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Summary: An exposition of Psalm 124 focusing on God’s covenantal goodness.

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The Rev’d Quintin Morrow

St. Andrew’s Episcopal Church

Ft. Worth, TX

www.st-andrew.com

“If, Then, But, Therefore”

The Text: Psalm 124

The Text Summary: Because God has been His people’s provider, helper, and deliverer from all their woes, they should respond to Him by a confident trust and joyous praise.

The Text Outline:

I. If the Lord had not been on our side (vv. 1-5).

A. Then we would have been overwhelmed completely by our enemies.

B. Then we would have been drowned in the flood.

C. Then we would have been swept away by our troubles.

II. But because our help is in the name of the Lord (vv. 6b-8).

A. Then God has thwarted the evil plans of our enemies and rescued us.

B. Then we have escaped destruction.

III. Therefore trust in and praise the Lord (v. 6a).

Few Americans realize that our national anthem, The Star-Spangled Banner,—especially its first stanza—is a song celebrating a moment of national deliverance.

The event which inspired the composition of the poem, the Defence of Fort McHenry, as it was originally called , by Francis Scott Key, occurred during the War of 1812. Feeling heady and fresh from their recent sacking of the nation’s capitol, and the torching of the White House, the British turned their attentions to conquering the vital seaport of Baltimore. Standing in their way was Fort McHenry. The outpost’s new commander, Major General Armistead, had requested from the War Department an American flag “so large that the British will have no difficulty in seeing it from a distance.” The request was granted, and the fort received a flag 42 by 30 feet, with 15 stars stretching 26 inches across and two-foot stripes.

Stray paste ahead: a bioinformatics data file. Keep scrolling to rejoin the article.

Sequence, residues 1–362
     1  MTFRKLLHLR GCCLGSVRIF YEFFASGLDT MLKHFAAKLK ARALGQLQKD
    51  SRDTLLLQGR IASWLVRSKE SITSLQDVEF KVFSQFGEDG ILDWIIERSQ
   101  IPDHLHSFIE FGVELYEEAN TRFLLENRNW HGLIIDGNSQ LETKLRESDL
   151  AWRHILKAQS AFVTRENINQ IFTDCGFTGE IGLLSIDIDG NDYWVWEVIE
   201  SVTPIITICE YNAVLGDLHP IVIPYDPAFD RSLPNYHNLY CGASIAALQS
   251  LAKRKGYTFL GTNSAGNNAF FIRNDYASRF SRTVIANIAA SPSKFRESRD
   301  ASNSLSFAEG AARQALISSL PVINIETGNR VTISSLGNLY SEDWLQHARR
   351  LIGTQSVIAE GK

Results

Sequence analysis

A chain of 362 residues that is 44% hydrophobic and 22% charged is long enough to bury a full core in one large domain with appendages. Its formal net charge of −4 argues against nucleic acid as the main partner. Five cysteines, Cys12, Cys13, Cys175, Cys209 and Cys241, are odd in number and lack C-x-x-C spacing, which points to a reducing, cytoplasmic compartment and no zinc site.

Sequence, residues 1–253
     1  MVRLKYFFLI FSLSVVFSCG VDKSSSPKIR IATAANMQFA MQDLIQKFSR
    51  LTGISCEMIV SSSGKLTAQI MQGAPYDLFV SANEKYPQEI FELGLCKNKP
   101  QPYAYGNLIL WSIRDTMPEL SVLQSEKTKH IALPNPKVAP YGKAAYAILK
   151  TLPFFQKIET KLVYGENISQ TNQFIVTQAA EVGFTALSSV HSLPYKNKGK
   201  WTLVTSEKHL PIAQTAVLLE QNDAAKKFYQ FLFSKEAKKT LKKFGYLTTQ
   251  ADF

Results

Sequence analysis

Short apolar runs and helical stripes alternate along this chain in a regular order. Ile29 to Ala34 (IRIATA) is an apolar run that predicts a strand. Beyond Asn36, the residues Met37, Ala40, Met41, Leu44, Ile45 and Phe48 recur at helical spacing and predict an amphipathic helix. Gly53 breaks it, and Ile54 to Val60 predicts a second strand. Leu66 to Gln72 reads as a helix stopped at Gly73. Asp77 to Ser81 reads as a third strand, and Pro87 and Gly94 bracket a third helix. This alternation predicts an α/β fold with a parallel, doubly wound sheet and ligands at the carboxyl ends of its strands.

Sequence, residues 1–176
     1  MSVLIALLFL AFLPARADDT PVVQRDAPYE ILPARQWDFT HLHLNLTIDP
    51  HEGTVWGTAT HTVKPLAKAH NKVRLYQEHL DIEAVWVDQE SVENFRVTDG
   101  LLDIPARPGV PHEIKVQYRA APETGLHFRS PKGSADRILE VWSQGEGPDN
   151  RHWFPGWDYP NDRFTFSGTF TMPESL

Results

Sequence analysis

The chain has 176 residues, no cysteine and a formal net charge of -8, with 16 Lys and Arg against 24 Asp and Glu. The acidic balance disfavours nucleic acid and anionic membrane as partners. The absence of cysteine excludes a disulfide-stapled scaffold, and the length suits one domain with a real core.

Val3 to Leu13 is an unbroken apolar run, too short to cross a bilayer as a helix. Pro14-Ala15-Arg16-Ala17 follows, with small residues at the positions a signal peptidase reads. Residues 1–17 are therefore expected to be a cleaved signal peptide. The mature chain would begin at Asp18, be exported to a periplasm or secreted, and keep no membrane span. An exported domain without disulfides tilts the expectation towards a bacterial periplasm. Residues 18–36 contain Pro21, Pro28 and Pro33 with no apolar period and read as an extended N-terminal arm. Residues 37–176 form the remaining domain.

On September 11, 1814 the British fleet assembled—50 vessels in all, ranging in size from the 80-gun flagship, to 74-gun men-of-war, 38- and 36-gun frigates, to rocket and mortar ships—all aimed at Fort McHenry. The next day the bombardment began. All day long the English pounded the fort, often sending 200 pound mortar bombs crashing into the outpost to explode into rubble. Because of its size, the fort’s flag became the target of the shelling. Desperate to finish off the fort, the British redoubled their efforts that evening. The dark, moonless night, the rain, and the smoke from the incessant cannonade made it impossible for the lawyer Key, held prisoner on an English frigate, to see the fate of Fort McHenry. He assumed, however, that the continuous artillery barrage meant the flag was still there and the fort remained unconquered.

At the faintest light of dawn, the British, running low on powder and ammunition, called off the attack. It was just at that moment the rain ceased, a gust of wind unfurled the flag and stretched it out, that Key saw the blue square, the white stars and red stripes of the fort’s colors. The flag was still there.

The Smithsonian got the flag in 1907. Congress made Francis Scott Key’s poem, set to music, the national anthem in 1931.

Though not its national anthem, Psalm 124 is a song in celebration of a national deliverance for the people of Israel. The superscription, found in under the numeric designation of the psalm in our Bibles but not in our prayer books, informs us that David is the author of Psalm 124, and that it is a “Song of Ascents.” The Songs of Ascent, called the Songs of Degrees in the King James Bible, include psalms 120-134, and were so called because Jewish pilgrims sang them as they ascended to the temple mount during feast and festival days.


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